A wing with sting

Paul Trow meets the Wasps boy wonder who tackles Rory Underwood today; Generation game: Paul Sampson, a new breed of union player, has burst on to a stage where old masters still take the lead
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The Independent Online
USUALLY when Jeremy Guscott chases after an opponent it's a fair bet that he will catch up. But not this time. As the yards unfolded, the gap kept widening until the England and British Lions centre gave up the ghost.

Guscott's fleet-footed quarry, 19-year-old Paul Sampson, duly rounded off his field-long dash with one of the tries which enabled Wasps to sting Courage champions Bath 40-36 at the Recreation Ground last weekend. Swift though Guscott is, he would be the first to admit that his chances of overhauling someone who had clocked 10.48sec for 100 metres just two months previously were a trifle slim.

Sampson, recently of Woodhouse Grove School, Leeds, and League Three side Otley, recorded that time while winning the English Schools' 100m final in Sheffield this summer. A week or so later, fewer than half of the 105 sprinters who lined up for the heats over the same distance at the Atlanta Olympics went faster.

Such pace is rare even in a power-orientated sport like rugby union, especially when the wing in question prefers to play at fly-half or full- back. Clearly Wasps' director of rugby, the former England captain Nigel Melville, knew what he was doing when he brought Sampson down with him to the west London club from Otley.

But Melville, himself something of a child prodigy when he played for the British Lions in New Zealand in 1983 at the age of 21, is quick to sound a note of caution when optimists start to predict a glittering and imminent international career for the shaven-headed Sampson.

"Paul has a lot of learning to do before he has the basic ingredients of an England player. He must work on his strength, tackling, defence and positioning," said Melville the mentor, displaying just a hint of protectiveness towards his protege.

"But this is becoming a young man's game and if you're good enough you're old enough. The age of today's top players is dropping dramatically - you only have to look at the way the All Blacks and Australia bring their young players through."

Sampson agrees. "I need to do more weights and improve my speed of thought. Playing against Jason Robinson last weekend made me realise what I have to do. I must prove myself in the league first before anything else, so I suppose my long-term ambition is to be the England fly-half at the 1999 World Cup. But I'd play for England even if they selected me at prop.

"The guys here at the club are great, and I really hope Lawrence Dallaglio gets the England captaincy. He brings you down to earth if you're cocky and picks you up if you're down. Every game is going to be tough this season - you can't go up against anyone thinking it's going to be easy." Even West Hartlepool? "Even West Hartlepool."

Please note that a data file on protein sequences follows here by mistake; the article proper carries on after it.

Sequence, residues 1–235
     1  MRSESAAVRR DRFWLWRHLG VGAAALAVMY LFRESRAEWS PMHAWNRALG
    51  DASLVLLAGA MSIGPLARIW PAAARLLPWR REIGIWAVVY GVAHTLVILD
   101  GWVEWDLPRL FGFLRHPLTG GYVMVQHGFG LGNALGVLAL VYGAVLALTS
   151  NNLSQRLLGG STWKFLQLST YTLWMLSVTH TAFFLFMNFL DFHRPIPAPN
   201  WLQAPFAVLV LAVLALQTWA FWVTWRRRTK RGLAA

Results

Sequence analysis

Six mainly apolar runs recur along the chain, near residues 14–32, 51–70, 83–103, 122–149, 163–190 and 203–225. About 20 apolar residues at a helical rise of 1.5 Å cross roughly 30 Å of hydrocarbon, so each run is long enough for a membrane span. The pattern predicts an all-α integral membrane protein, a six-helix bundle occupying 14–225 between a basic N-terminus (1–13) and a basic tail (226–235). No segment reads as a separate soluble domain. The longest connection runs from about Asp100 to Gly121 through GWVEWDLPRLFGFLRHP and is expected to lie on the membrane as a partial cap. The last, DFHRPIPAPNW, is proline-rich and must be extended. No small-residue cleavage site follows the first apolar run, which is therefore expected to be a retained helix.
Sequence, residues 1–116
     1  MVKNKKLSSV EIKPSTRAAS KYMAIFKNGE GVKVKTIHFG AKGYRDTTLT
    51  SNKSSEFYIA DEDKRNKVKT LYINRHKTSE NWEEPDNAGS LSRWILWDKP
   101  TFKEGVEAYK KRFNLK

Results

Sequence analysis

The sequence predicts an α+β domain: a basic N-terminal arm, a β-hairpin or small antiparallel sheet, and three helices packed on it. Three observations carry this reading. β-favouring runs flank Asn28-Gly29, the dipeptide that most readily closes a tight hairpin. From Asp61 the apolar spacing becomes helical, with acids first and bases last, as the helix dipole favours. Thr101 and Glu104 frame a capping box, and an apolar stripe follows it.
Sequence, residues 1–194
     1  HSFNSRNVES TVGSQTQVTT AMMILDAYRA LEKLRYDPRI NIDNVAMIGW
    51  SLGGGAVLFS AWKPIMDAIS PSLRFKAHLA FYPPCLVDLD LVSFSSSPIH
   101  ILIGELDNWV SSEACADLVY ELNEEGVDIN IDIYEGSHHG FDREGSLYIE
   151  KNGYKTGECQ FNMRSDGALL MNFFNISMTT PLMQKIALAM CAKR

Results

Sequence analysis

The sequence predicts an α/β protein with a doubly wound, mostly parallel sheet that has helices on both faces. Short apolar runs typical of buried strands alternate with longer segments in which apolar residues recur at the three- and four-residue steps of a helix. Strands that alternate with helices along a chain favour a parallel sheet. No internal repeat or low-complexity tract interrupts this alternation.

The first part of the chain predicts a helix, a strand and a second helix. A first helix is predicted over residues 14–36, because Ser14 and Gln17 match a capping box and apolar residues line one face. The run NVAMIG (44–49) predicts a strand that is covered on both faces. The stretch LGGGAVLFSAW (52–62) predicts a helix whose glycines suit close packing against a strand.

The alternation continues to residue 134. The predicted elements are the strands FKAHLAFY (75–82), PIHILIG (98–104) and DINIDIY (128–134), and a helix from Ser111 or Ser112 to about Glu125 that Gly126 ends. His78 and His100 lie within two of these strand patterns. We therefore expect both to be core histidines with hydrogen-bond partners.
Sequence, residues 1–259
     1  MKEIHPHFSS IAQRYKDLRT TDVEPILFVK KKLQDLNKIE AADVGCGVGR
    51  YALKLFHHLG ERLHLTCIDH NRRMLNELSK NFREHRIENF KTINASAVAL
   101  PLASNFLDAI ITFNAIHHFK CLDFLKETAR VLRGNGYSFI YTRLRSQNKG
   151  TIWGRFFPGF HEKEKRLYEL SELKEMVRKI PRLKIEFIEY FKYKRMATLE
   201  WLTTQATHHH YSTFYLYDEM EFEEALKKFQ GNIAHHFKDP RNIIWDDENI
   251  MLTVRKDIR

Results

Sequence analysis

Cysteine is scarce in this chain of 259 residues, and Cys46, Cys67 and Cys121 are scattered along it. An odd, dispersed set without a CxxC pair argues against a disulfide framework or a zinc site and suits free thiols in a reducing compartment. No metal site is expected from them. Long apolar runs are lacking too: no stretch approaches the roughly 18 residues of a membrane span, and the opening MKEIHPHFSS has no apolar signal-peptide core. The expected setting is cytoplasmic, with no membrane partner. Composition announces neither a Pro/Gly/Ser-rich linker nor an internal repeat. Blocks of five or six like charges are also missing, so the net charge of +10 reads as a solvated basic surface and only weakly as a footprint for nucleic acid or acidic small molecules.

Ignoring all talk about the Five Nations and next summer's Lions tour to South Africa, Sampson is focusing on his next immediate assignment - at Loftus Road this afternoon when the unbeaten Wasps take on Leicester. That means a confrontation with the 33-year-old Rory Underwood, England's most capped player who was only 20 when he made his international debut.

"I met Rory at the England squad session I attended last season," said the respectful but far-from-overawed tyro. "He's a great guy. He's done everything in the game. I'm really looking forward to marking him, and perhaps scoring a try against him."

Sampson's involvement in that squad session last January remains one of the more remarkable decisions of Jack Rowell's reign as England manager. "When the headmaster called me into his study, I thought I was in trouble," said Sampson. "But it was even more of a shock when I discovered what it was really all about. When I met them, I was amazed at how the England lads accepted me as a player and not as an 18-year-old schoolboy. It was a fantastic experience."

His school days now behind him, Sampson is taking an A-level in sports studies at Richmond College and hopes to do a sports degree. As a fully- fledged professional, is it fair to assume that he has more spending power than the average teenage student? "No comment," he says cautiously. "Let's just say that Wasps are seeing me all right."

Sampson's sporting pedigree alone should justify Wasps' faith in him. His father played on the wing for Wakefield Trinity, his uncle was a loose forward at Wakefield and Castleford, his mother won the England schools high jump title and a cousin, Denise Ramsden, ran in the 4x400m relay at the 1976 Olympics.

With a self-belief born of confidence rather than arrogance, he says he would love to take on Jonah Lomu one day, believing that judo shows how to bring the giant All Black to ground.

Ironically, though, Sampson's greatest admiration is reserved for Guscott. "I was really impressed by his commitment and his ability to spot the half gap. He can be devastating - I'd love to play alongside him." After last weekend's forlorn pursuit, Guscott would doubtless prefer to be on the same side as well.

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